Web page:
The Center for Operational Excellence has expanded the scope of the April 9 plant tours offered as part of our three-day Leading Through Excellence summit to include a trip to LeanCor in Florence, Ky., in the Cincinnati metro area. Unlike the five other plant tours we’re offering Wednesday afternoon, this is an all-day experience that heads to two different operations LeanCor runs, both of which are models of enterprise-wide lean application.
The lean-focused third-party logistics provider supports 44 plants, five cross-docks, 1,700-plus suppliers, and 1,200-plus outbound shipping locations. In any given week, they coordinate the movement of 17,000 tons of cargo.
The exclusive summit tour is taking attendees to LeanCor’s control center for tactical transportation management, where visual management is used not just to track the movement of cargo but highlight problems. Brad Bossence, a LeanCor vice president, tells me the tour also highlights how leaders are engaged in problem-solving.
After lunch, the LeanCor tour heads to a 110,000-square-foot in-bound replenishment facility (pictured, above) the organization runs nearby, which supports a number of major automakers. Here, you’ll see how LeanCor has implemented visible metrics for tracking the engagement of the 100-worker team hour-by-hour, painting an agile, accurate picture of how workflow is moving.
We all stare down complexity day-in, day-out. LeanCor offers a compelling, multifaceted playbook for tackling it.
The two speakers for the Center for Operational Excellence’s Feb. 14 seminars couldn’t have been from two more different companies, but both emphasized a crucial truth about the journey of process improvement: You’re never too good to learn – or borrow – from others.
Take Pittsburgh-based grocery chain and COE member Giant Eagle Inc., whose President and COO, John Lucot, spoke to our crowd of more than 100 members and guests. The company has been in existence for more than three-quarters of a century, but Lucot said recent years have marked “the most exciting time in the history of our company.”
Emerging from an economic downturn in which consumers tightened the purse strings, Giant Eagle has developed new formats and transformed the customer experience. For proof, look no further than its Market District location a few miles from Ohio State University, which has become the unofficial epicenter of its neighborhood in a few short years. This has happened all while the company has aggressively maintained focus on health and safety and implemented lean principles throughout the supply chain. Lucot told the crowd that Giant Eagle has drawn inspiration from organizations ranging from the Cleveland Clinic – a gold standard in patient experience – to Alcoa, a fellow Pittsburgh company whose safety centric turnaround under former CEO Paul O’Neill is the stuff of legend.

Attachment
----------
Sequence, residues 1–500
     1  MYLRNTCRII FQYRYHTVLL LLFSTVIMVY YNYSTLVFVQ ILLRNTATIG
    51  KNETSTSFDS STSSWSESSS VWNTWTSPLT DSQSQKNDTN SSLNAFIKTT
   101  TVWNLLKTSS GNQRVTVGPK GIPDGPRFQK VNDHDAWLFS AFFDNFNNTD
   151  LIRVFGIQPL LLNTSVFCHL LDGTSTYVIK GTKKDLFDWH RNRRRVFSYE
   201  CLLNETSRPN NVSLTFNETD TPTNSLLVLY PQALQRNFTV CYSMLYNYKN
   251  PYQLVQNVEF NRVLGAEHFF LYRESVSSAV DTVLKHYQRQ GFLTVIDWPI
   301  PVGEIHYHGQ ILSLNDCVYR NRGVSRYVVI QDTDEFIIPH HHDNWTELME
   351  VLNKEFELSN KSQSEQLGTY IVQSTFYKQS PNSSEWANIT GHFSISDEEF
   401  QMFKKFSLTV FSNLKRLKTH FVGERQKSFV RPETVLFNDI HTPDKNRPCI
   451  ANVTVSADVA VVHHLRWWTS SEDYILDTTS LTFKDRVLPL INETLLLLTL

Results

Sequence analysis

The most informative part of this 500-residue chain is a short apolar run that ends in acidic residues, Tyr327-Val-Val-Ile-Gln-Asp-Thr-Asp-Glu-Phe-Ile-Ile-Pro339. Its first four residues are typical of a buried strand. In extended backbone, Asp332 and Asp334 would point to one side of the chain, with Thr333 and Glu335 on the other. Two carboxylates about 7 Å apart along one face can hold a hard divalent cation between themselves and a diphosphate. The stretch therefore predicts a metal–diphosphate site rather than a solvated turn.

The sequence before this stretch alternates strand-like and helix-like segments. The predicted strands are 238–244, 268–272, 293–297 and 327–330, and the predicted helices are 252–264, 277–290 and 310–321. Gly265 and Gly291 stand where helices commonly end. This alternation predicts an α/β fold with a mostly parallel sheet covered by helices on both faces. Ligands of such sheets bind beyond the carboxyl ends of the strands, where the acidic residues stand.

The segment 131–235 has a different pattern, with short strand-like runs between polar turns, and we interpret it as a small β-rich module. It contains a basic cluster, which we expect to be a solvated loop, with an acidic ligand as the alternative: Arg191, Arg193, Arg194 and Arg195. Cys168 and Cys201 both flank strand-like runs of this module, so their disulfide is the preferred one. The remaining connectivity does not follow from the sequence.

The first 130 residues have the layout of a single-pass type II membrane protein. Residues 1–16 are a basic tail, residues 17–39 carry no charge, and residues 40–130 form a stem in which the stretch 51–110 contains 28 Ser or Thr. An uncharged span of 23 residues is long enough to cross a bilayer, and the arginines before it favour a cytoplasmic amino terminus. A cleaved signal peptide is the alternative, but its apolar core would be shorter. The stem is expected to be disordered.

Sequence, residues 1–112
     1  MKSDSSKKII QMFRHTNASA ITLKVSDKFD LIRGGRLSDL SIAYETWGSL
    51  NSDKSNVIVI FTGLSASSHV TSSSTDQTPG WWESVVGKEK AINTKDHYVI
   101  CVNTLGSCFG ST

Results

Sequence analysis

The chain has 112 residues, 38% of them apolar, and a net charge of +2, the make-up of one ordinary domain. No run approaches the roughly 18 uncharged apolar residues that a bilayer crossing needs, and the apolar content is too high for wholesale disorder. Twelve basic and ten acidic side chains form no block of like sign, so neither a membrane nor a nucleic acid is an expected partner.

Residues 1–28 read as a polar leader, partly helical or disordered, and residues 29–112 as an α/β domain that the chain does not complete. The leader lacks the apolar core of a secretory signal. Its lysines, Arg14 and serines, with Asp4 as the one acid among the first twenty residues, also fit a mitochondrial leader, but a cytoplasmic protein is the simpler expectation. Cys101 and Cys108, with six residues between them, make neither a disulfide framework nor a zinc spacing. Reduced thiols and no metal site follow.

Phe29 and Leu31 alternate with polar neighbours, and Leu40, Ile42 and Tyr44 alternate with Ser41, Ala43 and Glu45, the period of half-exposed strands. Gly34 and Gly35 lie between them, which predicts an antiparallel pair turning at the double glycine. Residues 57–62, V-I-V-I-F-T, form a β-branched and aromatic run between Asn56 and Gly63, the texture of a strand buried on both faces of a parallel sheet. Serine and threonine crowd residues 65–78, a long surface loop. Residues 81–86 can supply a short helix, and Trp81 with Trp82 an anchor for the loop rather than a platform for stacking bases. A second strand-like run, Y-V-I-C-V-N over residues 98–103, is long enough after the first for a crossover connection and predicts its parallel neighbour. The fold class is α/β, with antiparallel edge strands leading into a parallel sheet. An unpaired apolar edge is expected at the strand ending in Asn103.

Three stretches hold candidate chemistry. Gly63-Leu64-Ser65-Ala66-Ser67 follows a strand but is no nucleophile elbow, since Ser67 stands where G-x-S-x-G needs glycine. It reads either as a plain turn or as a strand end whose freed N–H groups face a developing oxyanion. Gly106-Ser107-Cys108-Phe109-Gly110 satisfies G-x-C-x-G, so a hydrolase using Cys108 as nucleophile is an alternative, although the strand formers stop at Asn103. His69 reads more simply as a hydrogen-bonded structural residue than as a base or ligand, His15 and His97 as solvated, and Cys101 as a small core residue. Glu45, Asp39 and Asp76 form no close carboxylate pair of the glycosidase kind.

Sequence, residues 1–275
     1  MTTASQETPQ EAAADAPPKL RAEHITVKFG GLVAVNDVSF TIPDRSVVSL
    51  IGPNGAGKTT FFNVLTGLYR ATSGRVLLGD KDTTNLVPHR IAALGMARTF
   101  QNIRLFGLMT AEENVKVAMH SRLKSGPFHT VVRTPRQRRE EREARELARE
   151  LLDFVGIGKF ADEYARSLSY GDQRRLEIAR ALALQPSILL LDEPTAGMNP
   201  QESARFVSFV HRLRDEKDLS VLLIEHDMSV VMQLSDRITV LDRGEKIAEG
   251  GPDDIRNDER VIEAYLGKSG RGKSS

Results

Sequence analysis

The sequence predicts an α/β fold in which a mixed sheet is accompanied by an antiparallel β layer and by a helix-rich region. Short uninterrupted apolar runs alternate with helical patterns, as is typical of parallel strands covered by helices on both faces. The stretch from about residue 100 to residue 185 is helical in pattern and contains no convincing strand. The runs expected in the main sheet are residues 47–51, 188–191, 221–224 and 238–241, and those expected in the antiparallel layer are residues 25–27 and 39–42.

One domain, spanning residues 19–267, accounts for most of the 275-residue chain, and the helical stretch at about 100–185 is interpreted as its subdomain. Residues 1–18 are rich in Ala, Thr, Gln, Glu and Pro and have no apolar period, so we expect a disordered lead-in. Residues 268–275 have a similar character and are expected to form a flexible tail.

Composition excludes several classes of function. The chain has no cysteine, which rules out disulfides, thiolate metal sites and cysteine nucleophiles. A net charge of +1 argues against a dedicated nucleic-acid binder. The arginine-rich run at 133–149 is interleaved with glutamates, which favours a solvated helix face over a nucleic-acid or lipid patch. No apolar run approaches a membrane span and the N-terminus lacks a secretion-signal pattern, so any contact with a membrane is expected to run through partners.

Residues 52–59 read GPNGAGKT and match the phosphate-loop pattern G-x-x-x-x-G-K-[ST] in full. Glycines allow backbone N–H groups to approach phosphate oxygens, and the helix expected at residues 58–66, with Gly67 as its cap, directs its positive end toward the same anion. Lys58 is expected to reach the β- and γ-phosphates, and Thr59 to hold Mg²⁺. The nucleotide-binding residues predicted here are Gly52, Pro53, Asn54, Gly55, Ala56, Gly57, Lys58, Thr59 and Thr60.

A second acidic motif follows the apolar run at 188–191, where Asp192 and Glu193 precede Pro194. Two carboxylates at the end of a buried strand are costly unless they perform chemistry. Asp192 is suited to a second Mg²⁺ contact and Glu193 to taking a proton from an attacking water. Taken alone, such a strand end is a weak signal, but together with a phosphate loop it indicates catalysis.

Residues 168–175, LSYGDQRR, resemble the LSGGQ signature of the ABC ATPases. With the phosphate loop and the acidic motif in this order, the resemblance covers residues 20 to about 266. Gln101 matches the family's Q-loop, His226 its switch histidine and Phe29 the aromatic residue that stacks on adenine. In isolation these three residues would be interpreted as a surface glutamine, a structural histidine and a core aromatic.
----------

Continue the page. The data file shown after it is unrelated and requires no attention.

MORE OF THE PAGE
And while Giant Eagle started down its road to operational excellence with an eye on removing cost and boosting efficiency, the balance sheet doesn’t rule the day, Lucot said.
“We never, ever talk about the financial impact of the things we do,” he said. “We are unwavering in our commitment to health and safety, and no one in our organization has the right to put money or anything else above those efforts.”
It’s that same focus on Giant Eagle’s employees and its customers that underlies a comment Lucot made that’s destined for the whiteboard: “We have no right to ask people to do things that don’t add value.”
Speaking later in the day, George McAfee, marine logistics manager at Findlay, Ohio-based Marathon Petroleum, shared the challenges posed to knowledge management and transfer in a work force with a widening generation gap and a growing share of over-55 workers.
With those dynamics, McAfee said, it’s even more crucial to develop standard procedures to capture and communicate processes so a company’s mission, vision and values don’t get muddled over time.
And echoing Lucot, McAfee said benchmarking – even outside one’s industry – is key to finding the right path.
“You must be willing to admit someone else might be better at what you’re doing,” he said.
This article appears in the March 2014 edition of COE’s Current State e-newsletter. Have a colleague who should be receiving this e-newsletter? Contact Matt at firstname.lastname@example.org.
The numbers don’t lie, as the saying goes, but Ilaria Raniero knows some tell the truth better than others – and many more aren’t worth listening to.
Raniero (pictured, right), a visiting scholar to the Ohio State University Fisher College of Business from the Polytechnic Institute of Milan (Politecnico di Milano) in Italy, recently conducted a wide-ranging research project with several Center for Operational Excellence member companies as part of her graduate thesis. This sweeping look at a wide variety of industries uncovered some promising trends in how lean evolves in organizations over time and sheds light on how the successful ones select the right metrics.